Latin Grammy-nominated Raquel Sofia was trained classically in the jazz style of music, but nothing can hide the deeply-rooted, rich, Puerto Rican sound that created the singer and took her from wedding singer to rising superstar.
Her latin-jazz sound is complimented by her rock-n-roll looks, and accented by her half-shaved head. Her first EP and subsequent album, “Te Odio Los Sábados” and “Te Quiero Los Domingos,” respectively, are the latest achievements in her burgeoning musical career, allowing her vibrant personality to radiate through her lyrics.
For Raquel, it’s always been about eliciting emotions through her music and songwriting. “There was never really another option for me besides music,” she said.
Her early musicality flourished in the culture of her native island, Puerto Rico. There, her style developed with the influence of various musical styles ranging across the spectrum, from classic salsa to reggae to rock ’n roll. Raquel cemented her style after her move to Miami, majoring in jazz at the University of Miami and becoming very involved in the music community of the city, she said.
As she immersed herself in the community, she would sing cover songs at clubs, restaurants and weddings, juggling her passion with her schoolwork -- the latin essence of Miami nightlife with the structured jazz of the university. After a serendipitous audition for Colombian superstar Juanes, Raquel performed live on stage in thirty states as the opening act for his MTV unplugged tour, her original songs of love and heartbreak resonating with the hundreds of thousands of fans who watched her perform.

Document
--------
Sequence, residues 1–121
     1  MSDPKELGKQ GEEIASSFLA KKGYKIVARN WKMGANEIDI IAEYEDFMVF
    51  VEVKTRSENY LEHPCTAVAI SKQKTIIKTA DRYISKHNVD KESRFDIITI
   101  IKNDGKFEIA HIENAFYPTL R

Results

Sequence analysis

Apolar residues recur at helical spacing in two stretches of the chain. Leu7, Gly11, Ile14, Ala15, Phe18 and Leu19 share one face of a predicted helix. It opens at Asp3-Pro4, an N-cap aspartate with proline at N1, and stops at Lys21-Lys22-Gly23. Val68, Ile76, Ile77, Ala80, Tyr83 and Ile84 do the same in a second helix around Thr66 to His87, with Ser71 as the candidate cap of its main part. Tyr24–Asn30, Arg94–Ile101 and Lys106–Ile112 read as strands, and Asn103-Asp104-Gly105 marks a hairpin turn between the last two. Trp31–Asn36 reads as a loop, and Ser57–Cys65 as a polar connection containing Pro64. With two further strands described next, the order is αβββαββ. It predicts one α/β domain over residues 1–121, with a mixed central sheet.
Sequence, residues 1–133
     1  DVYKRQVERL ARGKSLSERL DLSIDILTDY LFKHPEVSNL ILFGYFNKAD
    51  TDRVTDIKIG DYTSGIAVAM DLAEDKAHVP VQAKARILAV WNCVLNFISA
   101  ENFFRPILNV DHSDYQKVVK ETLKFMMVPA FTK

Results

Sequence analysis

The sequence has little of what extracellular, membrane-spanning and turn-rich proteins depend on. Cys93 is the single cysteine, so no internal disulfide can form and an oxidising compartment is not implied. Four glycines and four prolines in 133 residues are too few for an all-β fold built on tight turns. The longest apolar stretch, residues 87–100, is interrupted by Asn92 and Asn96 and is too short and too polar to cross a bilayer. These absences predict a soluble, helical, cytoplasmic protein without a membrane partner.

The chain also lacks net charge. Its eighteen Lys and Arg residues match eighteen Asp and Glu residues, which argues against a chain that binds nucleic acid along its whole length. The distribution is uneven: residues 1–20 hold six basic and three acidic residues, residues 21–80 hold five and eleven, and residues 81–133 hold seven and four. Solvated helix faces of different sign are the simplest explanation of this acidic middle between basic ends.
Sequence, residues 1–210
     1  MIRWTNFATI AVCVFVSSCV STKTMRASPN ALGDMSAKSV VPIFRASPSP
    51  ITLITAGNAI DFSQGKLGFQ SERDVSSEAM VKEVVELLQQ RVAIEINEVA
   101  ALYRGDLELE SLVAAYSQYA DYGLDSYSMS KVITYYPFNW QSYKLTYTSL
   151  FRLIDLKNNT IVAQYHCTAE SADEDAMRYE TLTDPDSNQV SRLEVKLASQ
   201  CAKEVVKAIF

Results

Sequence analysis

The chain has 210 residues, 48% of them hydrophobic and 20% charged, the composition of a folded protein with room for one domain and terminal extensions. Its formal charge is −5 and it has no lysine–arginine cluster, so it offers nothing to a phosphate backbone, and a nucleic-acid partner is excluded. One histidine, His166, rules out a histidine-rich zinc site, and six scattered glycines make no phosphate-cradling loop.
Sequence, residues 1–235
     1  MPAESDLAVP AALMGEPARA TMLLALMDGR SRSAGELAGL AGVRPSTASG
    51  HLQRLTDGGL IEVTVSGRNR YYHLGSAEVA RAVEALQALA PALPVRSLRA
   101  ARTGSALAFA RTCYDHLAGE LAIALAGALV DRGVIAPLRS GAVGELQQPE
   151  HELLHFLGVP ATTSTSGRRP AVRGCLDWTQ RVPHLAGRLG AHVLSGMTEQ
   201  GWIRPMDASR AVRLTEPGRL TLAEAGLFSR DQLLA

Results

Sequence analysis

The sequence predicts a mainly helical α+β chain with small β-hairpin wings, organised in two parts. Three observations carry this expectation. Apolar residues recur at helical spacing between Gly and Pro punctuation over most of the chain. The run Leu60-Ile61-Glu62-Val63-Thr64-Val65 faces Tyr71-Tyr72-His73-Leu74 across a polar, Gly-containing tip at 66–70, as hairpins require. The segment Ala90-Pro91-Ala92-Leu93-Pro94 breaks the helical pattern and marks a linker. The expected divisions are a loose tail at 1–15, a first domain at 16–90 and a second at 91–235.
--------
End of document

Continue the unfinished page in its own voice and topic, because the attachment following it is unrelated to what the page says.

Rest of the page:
“Te Odio Los Sabados,” five songs leaning more toward the darker side of romance, was released in February 2015. Four months later, just in time for the summer season, her first album, “Te Quiero Los Domingos,” was released, including the heartbreaking five songs from the aforementioned EP juxtaposed with the heartfelt joy associated with relationships.
The combination of the two lends the album a feeling of relatability to any romantic situation. “I think the album has something for everyone,” Raquel said. “No matter what mood you're in, you can find a track that speaks to you.”
“Some things I draw from my island, [my] Latin roots- the reggae influence, the latin rhythms and, obviously, the Spanish lyrics. But there are hints of folk, hip-hop, jazz and rock that come from that fifteen-year-old girl inside [of] me blasting John Mayer and Ella Fitzgerald in her room,” she said.
This intricate mix of cultures is just one of the ways that Raquel stands out from the crop of young Latin musicians. Continuing her trend of asserting her individuality, she shaved half of her curly locks as a physical marker of the shift from cover-song-singer to rockstar singing alongside Juanes and Shakira.
As a bilingual artist, Raquel said, “it's not as much about what language I'm writing in as it is about what sounds I'm incorporating into my songs.”
“[Even though the songs are only in Spanish,] a lot of times people will tell me that they love my songs even though they can't understand the lyrics, [which] means so much to me because as musicians we ultimately strive to deliver emotion,” she said.